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BoardGameGeek is a website that was founded in January 2000 by Scott Alden and Derk Solko as a resource for the board gaming hobby. The database holds reviews, articles, and session reports for over 74,000 different games, expansions, and designers. BoardGameGeek includes German-style board games, wargames, card games and other tabletop games. Even public-domain card games like Spades are included. The site also features bulletin boards, a marketplace, several online boardgames, and a gamer database to help gamers find each other in the same location. BoardGameGeek was the recipient of a 2010 Diana Jones Award, which recognized it as "a resource without peer for board and card gamers, the recognized authority of this online community."
In 2009, there was an attempt to integrate BoardGameGeek along with similarly styled websites for roleplaying games and video games under a parent site Geekdō. Scott Alden announced in August 2010 that the Geekdō domain would be disbanded, while retaining individual domain names for Board Game Geek, RPG Geek, and Video Game Geek.
In addition to the game database, one of the more controversial features of BoardGameGeek is the statistical information obtained from player ratings. The site allows users to rate games on a 1–10 scale. The average and Bayesian average ratings are presented for each game. The Bayesian system adds dummy ratings in order to pull the average of games with fewer ratings closer to the overall mean. It is this set of averages that is used to generate a ranked list of games. Only games with at least 30 ratings are included in the ranked list. Ratings themselves may not be rated.
In 2006, an additional list of top-ranked wargames was created. Due to the generally smaller number of ratings these games receive, they often become lost in the overall rating list. In 2010 other category lists were introduced, including Abstract Games, Customizable Games, Children's Games, Family Games, Party Games, Strategy Games, and Thematic Games.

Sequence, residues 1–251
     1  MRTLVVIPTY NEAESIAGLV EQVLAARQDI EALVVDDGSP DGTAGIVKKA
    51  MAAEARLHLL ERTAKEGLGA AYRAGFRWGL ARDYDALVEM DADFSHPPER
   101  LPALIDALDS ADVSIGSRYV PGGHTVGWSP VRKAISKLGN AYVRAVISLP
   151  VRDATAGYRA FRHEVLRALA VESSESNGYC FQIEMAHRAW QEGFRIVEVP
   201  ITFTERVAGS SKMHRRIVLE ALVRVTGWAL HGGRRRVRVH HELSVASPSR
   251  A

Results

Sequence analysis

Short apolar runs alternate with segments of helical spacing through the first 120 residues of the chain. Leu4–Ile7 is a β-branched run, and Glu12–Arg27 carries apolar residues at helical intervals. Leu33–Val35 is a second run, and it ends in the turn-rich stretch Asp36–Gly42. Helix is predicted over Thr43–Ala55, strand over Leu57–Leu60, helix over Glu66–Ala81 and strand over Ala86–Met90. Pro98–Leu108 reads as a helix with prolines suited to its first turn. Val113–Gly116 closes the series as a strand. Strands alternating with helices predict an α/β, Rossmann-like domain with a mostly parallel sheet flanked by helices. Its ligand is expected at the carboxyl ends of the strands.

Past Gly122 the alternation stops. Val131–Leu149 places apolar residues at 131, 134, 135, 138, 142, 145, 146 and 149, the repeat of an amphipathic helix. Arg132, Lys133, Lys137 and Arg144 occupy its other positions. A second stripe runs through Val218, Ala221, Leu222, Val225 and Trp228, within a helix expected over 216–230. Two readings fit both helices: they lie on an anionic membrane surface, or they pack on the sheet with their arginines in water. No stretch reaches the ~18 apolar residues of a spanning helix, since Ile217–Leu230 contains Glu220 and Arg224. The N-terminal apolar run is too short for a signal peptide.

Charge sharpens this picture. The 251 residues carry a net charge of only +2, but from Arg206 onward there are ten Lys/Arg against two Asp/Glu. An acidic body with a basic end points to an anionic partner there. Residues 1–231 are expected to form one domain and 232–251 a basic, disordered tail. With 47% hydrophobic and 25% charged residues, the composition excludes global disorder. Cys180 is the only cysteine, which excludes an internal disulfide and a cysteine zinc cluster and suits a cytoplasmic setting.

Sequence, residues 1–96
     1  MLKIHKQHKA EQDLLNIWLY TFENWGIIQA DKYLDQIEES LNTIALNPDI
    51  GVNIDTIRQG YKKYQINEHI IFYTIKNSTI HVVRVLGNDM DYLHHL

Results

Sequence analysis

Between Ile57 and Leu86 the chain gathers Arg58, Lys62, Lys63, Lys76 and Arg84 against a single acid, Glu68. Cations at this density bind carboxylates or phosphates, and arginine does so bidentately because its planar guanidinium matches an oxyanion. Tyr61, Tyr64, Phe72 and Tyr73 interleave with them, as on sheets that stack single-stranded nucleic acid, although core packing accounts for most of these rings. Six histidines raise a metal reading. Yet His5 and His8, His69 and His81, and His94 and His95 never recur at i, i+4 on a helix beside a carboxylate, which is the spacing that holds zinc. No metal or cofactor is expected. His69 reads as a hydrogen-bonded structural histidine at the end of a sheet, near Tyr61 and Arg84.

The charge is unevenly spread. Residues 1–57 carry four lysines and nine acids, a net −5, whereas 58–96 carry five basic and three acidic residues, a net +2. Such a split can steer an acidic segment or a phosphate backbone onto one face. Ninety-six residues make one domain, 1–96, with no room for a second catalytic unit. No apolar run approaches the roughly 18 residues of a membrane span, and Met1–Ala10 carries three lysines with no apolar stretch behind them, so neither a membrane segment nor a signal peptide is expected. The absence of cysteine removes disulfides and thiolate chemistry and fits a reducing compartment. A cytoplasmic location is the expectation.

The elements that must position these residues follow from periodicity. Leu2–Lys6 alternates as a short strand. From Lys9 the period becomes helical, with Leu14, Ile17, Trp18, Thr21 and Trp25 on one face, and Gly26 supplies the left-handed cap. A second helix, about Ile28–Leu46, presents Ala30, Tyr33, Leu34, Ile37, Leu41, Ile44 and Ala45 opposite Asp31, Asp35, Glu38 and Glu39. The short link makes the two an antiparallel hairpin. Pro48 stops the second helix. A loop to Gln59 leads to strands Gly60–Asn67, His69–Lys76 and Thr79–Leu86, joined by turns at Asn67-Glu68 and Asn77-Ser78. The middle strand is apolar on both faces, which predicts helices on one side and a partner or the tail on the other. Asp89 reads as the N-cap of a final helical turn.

Players can also rate how light or heavy (essentially its complexity in rules and/or gameplay) a game is on a scale of 1–5, though this is not used in the calculation of the rankings. Over the last five years, the only three games that have achieved #1 in the rankings are Puerto Rico, Agricola, and Twilight Struggle.
BoardGameGeek is a large, international community with over 400,000 users, as of August 3, 2011, of which about 100,000 are active users. One major activity is the creation of GeekLists, which are lists of games based on a particular theme, or games that people want to trade. There are forums in which members discuss such issues as the merits of theme versus mechanics, European versus American design, and how to best calculate game rating statistics. Gamers can also get to know each other online by using the chat room and asking and answering "GeekQuestions". There is a large community of Werewolf players, and online games are frequently arranged on the forums. A Secret Santa gift exchange was introduced several years ago, with more than 1700 participants in 2010.
GeekGold and other rewards
The site uses a virtual currency, GeekGold, to reward users who provide site content, including entries for new games, pictures of games, game reviews, game sessions, rule translations, and play aids. GeekGold was originally awarded only by administrators, but an automated moderation system is now in place, whereby users can vote on submission approvals and award GeekGold to other users. GeekGold can be used to purchase an avatar as well as various types of badges. It can also be transferred from one user to another in the form of "tips".